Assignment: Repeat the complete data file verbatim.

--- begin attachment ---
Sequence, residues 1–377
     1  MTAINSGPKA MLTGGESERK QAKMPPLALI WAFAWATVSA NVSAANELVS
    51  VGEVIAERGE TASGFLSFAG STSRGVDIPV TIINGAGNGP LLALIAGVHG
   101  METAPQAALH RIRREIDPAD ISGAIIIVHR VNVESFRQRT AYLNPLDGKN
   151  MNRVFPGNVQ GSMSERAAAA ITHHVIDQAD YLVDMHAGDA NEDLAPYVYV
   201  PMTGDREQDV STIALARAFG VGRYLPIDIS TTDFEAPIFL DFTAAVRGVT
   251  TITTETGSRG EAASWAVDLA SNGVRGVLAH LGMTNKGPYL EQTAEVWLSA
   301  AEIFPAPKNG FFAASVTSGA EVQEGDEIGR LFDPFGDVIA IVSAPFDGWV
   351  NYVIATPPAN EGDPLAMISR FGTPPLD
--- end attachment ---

Sequence, residues 1–377
     1  MTAINSGPKA MLTGGESERK QAKMPPLALI WAFAWATVSA NVSAANELVS
    51  VGEVIAERGE TASGFLSFAG STSRGVDIPV TIINGAGNGP LLALIAGVHG
   101  METAPQAALH RIRREIDPAD ISGAIIIVHR VNVESFRQRT AYLNPLDGKN
   151  MNRVFPGNVQ GSMSERAAAA ITHHVIDQAD YLVDMHAGDA NEDLAPYVYV
   201  PMTGDREQDV STIALARAFG VGRYLPIDIS TTDFEAPIFL DFTAAVRGVT
   251  TITTETGSRG EAASWAVDLA SNGVRGVLAH LGMTNKGPYL EQTAEVWLSA
   301  AEIFPAPKNG FFAASVTSGA EVQEGDEIGR LFDPFGDVIA IVSAPFDGWV
   351  NYVIATPPAN EGDPLAMISR FGTPPLD